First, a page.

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The Gulf War

Overview

  • In August 1990, Iraq invaded Kuwait in order to gain more control over the oil supply of the Middle East.
  • In response, the United States and the UN Security Council demanded that Iraqi dictator Saddam Hussein withdraw Iraqi troops from Kuwait, but Hussein refused.
  • Operation Desert Storm: Over the course of six weeks in 1991, a United States-led coalition of 34 nations began an intensive bombing campaign against strategic Iraqi locations, ending with a four-day ground campaign against Iraqi forces.
  • At the end of February, Hussein signed a cease-fire agreement and released Kuwait. After the war, Iraq was required to submit to inspections to ensure it had no chemical weapons or other weapons of mass destruction.

Iraqi aggression, oil, and power

On August 2, 1990 the forces of Iraqi dictator Saddam Hussein invaded oil-rich Kuwait. Hussein hoped that Kuwait's oil reserves would give Iraq significant power over Middle Eastern oil and would help pay off debts from the Iraq-Iran war.

US officials worried that Iraq had region-wide power ambitions. The Iraq Army was the world’s fourth largest military force, partly due to past U.S. aid for Iraq to fight Iran.

Iraq’s invasion of Kuwait posed a geopolitical oil crisis. If Saddam Hussein gained control of Kuwait and Saudi Arabia, he would have control over twenty percent of world oil reserves, putting the energy-hungry American way of life at risk.

The United States and the United Nations Security Council immediately condemned the invasion.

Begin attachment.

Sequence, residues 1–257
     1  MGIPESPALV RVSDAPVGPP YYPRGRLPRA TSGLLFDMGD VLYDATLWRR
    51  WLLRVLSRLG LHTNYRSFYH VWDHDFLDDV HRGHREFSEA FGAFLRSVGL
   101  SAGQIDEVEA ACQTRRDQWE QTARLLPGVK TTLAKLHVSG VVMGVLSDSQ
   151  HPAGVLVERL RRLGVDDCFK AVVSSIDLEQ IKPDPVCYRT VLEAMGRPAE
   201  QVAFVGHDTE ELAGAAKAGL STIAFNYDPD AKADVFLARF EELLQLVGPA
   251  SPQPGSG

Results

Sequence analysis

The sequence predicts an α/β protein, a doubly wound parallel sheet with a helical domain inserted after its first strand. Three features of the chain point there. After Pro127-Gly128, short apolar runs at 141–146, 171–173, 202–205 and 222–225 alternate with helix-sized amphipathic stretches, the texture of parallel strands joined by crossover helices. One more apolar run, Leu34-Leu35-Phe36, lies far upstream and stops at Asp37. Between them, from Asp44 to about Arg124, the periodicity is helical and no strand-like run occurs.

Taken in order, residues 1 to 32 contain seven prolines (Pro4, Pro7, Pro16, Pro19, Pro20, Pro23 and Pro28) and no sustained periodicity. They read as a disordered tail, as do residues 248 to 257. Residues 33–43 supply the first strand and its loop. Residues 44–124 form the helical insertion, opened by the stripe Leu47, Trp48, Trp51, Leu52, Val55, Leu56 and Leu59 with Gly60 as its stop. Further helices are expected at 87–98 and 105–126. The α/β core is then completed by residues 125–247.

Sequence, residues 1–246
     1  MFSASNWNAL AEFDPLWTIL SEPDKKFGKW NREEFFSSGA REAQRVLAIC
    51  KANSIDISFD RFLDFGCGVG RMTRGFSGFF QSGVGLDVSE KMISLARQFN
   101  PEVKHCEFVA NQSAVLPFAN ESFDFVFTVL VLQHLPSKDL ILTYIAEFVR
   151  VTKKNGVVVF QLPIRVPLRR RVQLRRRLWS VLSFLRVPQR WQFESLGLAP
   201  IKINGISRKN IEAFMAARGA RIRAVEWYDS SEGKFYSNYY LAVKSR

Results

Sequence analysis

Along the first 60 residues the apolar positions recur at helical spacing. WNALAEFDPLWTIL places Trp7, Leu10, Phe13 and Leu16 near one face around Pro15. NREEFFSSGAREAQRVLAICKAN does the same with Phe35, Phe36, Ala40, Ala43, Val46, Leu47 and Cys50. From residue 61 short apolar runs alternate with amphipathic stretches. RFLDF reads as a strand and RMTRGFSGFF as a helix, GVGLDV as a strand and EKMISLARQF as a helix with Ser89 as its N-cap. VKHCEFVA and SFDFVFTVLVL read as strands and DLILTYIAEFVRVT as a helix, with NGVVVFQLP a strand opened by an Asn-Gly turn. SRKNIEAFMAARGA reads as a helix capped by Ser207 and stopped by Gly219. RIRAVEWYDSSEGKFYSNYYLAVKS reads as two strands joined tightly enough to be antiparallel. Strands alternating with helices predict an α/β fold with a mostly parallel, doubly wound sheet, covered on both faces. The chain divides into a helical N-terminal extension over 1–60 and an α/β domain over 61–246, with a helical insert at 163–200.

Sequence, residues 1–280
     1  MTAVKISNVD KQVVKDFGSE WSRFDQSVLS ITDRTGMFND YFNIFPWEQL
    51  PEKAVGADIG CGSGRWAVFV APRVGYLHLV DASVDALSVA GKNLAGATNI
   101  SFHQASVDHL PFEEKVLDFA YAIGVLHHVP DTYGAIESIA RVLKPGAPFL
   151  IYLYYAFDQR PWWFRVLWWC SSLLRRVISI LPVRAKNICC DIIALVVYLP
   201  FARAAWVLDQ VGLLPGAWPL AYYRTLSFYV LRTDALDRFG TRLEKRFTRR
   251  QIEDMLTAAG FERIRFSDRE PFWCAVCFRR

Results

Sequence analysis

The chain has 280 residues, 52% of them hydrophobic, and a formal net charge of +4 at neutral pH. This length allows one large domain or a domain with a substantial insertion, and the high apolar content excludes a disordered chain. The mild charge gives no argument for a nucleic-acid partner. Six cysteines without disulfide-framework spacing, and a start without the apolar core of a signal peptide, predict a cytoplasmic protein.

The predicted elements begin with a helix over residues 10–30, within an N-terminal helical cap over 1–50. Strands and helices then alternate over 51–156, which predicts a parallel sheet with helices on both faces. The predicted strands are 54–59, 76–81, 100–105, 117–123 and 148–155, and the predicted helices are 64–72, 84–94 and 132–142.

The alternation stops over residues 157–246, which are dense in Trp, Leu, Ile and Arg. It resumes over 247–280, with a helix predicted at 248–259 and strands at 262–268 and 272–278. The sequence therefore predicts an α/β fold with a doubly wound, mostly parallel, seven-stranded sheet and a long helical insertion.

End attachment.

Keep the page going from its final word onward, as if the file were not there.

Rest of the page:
The Gulf War

The response to the invasion of Kuwait took place in two stages:

Operation Desert Shield (August 1990 - January 17, 1991)

President Bush built a 34-nation coalition in the United Nations and sent more than 500,000 troops to protect Saudi Arabia and free Kuwait.

Operation Desert Storm (January 17 - February 28, 1991)

Operation Desert Storm was the combat phase of the conflict. It began with a five-week bombing campaign that employed "smart bombs"—bombs able to find their target with pinpoint accuracy—against a broad range of strategic Iraqi targets.

Iraq launched Scud missiles at civilian and military targets in Saudi Arabia and Israel.

The Gulf War was the first American conflict shown on live television. CNN aired live images of bombs exploding and other events of the war.

The end of the Gulf War

After the four-day ground campaign, Iraqi forces fled Kuwait, setting fire to hundreds of oil wells as they left. President Bush declared a ceasefire, and the Gulf War was over. Kuwait had been liberated.

Saddam Hussein was allowed to remain in power in Iraq, though Iraq was required to submit to searches for weapons of mass destruction (WMDs). The decision to allow Hussein to remain in power proved controversial.

The Gulf War began a phase of heightened U.S. military presence in Middle East.

Following the terrorist attacks of September 11, 2001, a second war in Iraq began in 2003 after US intelligence agencies and spy agencies around the world claimed that Saddam Hussein possessed weapons of mass destruction.


Source: The Gulf War
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